VOLUNTEERS ARE URGENTLY NEEDED IN APRIL
Symptoms of bladder cancer
Bladder cancer may not cause any signs or symptoms in its early stages. Symptoms appear once the tumour grows larger or into the deeper layers of the bladder wall. Other health conditions can cause the same symptoms as bladder cancer. See your doctor if you have these symptoms.
The most common symptom of bladder cancer is blood in the urine (called hematuria). Bloody urine may vary from pale yellow-red to bright or rusty red. Blood may always be in the urine, or it may come and go. Sometimes the blood can only be seen with a microscope or found with other urine tests.
Other symptoms of bladder cancer include:
- the need to urinate often (called urinary frequency)
- an intense need to urinate (called urinary urgency)
- trouble urinating
- a burning sensation or pain during urination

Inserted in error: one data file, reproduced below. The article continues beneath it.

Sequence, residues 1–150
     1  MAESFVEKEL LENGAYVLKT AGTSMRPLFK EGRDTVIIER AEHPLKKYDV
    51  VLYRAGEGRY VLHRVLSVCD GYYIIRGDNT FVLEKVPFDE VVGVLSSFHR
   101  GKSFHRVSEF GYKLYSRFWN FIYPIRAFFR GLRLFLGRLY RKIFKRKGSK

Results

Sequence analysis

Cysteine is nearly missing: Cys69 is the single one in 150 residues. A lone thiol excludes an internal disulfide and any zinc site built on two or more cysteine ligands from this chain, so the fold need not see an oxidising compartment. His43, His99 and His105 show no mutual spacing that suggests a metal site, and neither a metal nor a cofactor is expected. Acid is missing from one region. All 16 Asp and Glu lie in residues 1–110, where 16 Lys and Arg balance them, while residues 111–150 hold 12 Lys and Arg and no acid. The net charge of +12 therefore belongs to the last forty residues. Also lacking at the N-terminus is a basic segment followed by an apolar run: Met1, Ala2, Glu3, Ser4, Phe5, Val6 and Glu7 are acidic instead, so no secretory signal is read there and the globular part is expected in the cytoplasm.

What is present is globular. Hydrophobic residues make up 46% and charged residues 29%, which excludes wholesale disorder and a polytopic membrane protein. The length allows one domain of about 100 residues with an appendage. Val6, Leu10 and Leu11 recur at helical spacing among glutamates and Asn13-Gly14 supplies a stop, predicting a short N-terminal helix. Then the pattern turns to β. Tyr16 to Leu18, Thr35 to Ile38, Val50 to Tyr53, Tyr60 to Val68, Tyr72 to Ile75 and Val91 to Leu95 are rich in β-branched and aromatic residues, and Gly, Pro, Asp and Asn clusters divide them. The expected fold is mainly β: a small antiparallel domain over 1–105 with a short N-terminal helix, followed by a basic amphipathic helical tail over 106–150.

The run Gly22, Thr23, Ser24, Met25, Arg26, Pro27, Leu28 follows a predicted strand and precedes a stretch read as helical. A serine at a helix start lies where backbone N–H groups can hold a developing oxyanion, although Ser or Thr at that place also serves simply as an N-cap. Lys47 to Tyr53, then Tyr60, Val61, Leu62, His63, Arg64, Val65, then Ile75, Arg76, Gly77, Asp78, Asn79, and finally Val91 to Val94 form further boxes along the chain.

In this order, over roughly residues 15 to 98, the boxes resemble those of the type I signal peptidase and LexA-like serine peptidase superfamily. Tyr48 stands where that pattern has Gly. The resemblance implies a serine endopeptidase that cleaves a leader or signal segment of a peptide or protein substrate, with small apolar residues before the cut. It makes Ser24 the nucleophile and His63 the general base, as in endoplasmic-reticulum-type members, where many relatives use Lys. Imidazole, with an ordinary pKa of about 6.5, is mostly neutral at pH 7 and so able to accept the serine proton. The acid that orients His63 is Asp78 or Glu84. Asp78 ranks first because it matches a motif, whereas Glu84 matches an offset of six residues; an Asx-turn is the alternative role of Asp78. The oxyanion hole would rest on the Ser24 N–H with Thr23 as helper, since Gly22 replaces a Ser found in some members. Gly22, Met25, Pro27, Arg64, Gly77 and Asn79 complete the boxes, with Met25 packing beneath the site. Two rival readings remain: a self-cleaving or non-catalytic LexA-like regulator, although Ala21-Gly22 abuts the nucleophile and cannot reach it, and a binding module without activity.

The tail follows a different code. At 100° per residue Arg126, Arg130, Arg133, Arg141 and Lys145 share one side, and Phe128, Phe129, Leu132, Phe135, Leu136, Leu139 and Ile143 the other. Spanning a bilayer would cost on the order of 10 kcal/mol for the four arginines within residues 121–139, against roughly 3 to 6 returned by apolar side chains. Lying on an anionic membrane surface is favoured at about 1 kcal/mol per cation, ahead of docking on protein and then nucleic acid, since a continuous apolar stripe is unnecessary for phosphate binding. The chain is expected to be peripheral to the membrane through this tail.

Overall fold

Late signs and symptoms develop as the cancer grows larger or spreads to other parts of the body, including other organs. Late symptoms of bladder cancer include:
- loss of appetite
- weight loss
- change in bowel habits
- pain in the rectum, anus, pelvis, flank (the side of the body) above the pubic bone or in bones
- a lump in the pelvis
- swelling in the legs, scrotum (the pouch of skin below the penis that contains the testicles) or vulva (the outer female sex organs)
Clinical trial discovery improves quality of life
A clinical trial led by the Society’s NCIC Clinical Trials group found that men with prostate cancer who are treated with intermittent courses of hormone therapy live as long as those receiving continuous therapy.